DELHI, India — For Jessica Cooper, a 2011 Howard University law school graduate, going to work means putting on a shalwar kameez (means ‘Indian suit’), reporting for duty at 7 a.m., and taking lessons in Hindi.
It’s all part of her nine-month stint as one of 15 English Teaching Assistants, or ETAs, stationed here in India through the Fulbright Scholars program. Ten of the ETAs, including Cooper, are based in Delhi, while the other five were assigned to schools in Kolkata.
Cooper, who plans to join Teach for America upon returning to the United States in the spring of 2012, said her decision to teach here in India stems in part from her regrets for not studying abroad while still in college.
Teaching the eighth and ninth Standard, or grade, at Kendriya Vidyalaya — a government-run school for government employees here in the Andrews Ganj neighborhood of this nation’s capital — not only helps mitigate those regrets, but it also achieves something else.
Specifically, it greatly enhances the practical experience that Cooper says is a prerequisite for achieving her goal of working in the field of education policy.
“I want to understand what teachers deal with before I try to make laws telling teachers what to do,” Cooper said during a recent interview with Diverse in the school library. “If lawmakers took more time to specifically talk to the people the laws would affect, laws would be better,” she said in a general broadside aimed at education legislation that teachers have criticized as impractical.
Her belief is built in part upon her experience working in education policy at the Washington, D.C.-based Children’s Defense Fund (CDF). At CDF, Cooper said, the individuals with the most insights into the workability and practical effects of education bills were those who had been school teachers themselves.
“They understood things I didn’t,” Cooper said.
If there’s anything Cooper is likely to get out of her experience here in India, a better understanding of the many challenges that teachers face certainly lies at the top of the list.
Though just a few months into her teaching fellowship, the Indian way of life has made a strong impression about the power that a strong work ethic plays in overcoming adversity and lack of resources.
For instance, Cooper marvels at the fact that the fruit seller near her apartment is not only still selling his product when she comes home late at night, but is up and open for business when she heads out to work early the next morning.
“In Indian culture, the work ethic is crazy,” Cooper said, using the word “crazy” as a compliment as it relates to Indians’ apparent willingness to work long hours.
That work ethic seems to manifest itself among students, too. Though the school day doesn’t officially begin until about 7 a.m., many students were at the school well before that time, going over projects they had created for class and the like.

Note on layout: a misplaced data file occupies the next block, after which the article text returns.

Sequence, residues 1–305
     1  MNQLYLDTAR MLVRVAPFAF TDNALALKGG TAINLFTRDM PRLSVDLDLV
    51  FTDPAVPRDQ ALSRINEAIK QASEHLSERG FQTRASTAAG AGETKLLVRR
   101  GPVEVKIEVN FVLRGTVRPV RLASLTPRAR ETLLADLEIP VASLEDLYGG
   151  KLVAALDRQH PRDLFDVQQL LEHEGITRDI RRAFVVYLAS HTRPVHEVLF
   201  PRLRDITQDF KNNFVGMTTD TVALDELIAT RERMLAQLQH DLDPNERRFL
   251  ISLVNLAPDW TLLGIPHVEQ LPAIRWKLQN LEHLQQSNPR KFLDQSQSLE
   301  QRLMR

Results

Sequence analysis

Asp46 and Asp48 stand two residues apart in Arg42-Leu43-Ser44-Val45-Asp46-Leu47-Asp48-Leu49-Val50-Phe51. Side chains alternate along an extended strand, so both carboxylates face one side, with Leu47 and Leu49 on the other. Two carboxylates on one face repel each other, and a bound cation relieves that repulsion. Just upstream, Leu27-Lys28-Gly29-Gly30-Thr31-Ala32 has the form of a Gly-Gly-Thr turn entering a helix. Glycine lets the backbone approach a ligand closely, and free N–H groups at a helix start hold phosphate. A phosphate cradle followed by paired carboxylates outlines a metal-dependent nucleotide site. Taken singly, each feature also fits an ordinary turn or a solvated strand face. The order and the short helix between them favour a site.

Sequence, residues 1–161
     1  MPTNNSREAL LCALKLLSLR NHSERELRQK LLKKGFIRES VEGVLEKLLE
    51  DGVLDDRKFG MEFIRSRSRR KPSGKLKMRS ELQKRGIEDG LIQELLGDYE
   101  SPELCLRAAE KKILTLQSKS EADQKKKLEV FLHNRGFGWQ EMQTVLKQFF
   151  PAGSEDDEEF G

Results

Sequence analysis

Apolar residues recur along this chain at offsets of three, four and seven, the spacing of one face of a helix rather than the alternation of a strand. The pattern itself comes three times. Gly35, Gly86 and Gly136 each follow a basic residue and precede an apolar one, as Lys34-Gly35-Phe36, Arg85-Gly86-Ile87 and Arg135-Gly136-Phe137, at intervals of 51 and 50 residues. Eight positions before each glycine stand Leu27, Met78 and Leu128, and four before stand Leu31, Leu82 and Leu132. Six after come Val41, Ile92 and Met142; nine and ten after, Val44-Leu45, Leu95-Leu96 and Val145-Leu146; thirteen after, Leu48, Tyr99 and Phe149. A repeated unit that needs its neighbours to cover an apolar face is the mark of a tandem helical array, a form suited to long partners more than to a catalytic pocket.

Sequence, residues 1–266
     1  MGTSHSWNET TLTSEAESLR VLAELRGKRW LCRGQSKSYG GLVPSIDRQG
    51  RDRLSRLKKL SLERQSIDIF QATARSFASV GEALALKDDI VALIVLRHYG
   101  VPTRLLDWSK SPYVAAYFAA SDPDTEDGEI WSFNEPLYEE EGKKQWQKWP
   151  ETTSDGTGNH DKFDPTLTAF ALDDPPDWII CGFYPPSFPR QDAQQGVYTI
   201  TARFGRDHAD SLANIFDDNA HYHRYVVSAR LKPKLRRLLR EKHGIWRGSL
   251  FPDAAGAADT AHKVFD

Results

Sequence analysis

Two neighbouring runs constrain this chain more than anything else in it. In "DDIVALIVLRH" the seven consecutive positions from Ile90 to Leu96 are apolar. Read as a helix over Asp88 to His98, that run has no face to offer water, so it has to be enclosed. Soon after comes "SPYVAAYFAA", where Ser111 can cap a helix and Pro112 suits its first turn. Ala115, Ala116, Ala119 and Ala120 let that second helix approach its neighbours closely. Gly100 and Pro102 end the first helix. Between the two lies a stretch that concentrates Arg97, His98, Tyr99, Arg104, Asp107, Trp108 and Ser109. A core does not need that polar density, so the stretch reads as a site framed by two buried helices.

Another thing Cooper has noticed about Indian students is that they seem eager to do whatever is called for in a given assignment.
On the one hand, Cooper said, that’s a plus because it shows a strong desire and ability to meet expectations.
“They can follow instructions very well,” Cooper said. “They are into making sure they produce what you ask for.”
On the other hand, Cooper said, it can also be a drawback because it doesn’t lead to much in the way of innovative and creative thinking. She said there’s something to be said for the rebellious urge found among many American students to do things their own way.
Cooper, whose undergraduate degree was in English and sociology at Spelman College, is trying to infuse the importance of such independent thought into her classes.
The other day, she called on the students to write summaries of a story they were reading in class. She emphasized the importance of writing the summaries “in their own words,” something she says teachers here don’t call on students to do enough.
But there are things that sometimes seem to work against her goals.
For instance, at Kendriya Vidyalaya school, it’s the teachers — not the students – who rotate classrooms throughout the day.
“Here, it’s more like coming into their space,” Cooper said. “Whereas in America, kids come to the teacher’s classroom.”
On the other hand, students do have to play an active role in their education. For instance, Cooper noted, students here must go to stores and buy their own textbooks — an exercise that most American students don’t experience until college.
Resources and infrastructure aren’t exactly state-of-the-art at the school, either. Even though the school is a part of a large chain of government-run schools set up specifically to provide academic continuity for the children of government employees whose posts are often moved, the school seemed in many ways to be lacking in terms of routine maintenance.
For instance, in one of the classrooms where Cooper teachers, a dirty, margarine-colored layer of paint was peeling, revealing that the classroom’s walls were once sky blue.
If you’re looking for a fire extinguisher, you’ll quicker find a rack of six rusty buckets marked “FIRE” standing in the hallway, and some of those buckets are filled with rubbish.
Despite such shortcomings, the school still manages to get students to a destination in this country that the vast majority of Indian students do not reach.
School officials report that 90 percent of the students here enroll in higher education of some sort. Such success has taught Cooper that academic progress need not be hindered by lack of resources or state-of-the-art facilities.
“Being here has helped me to work with what I have,” Cooper said.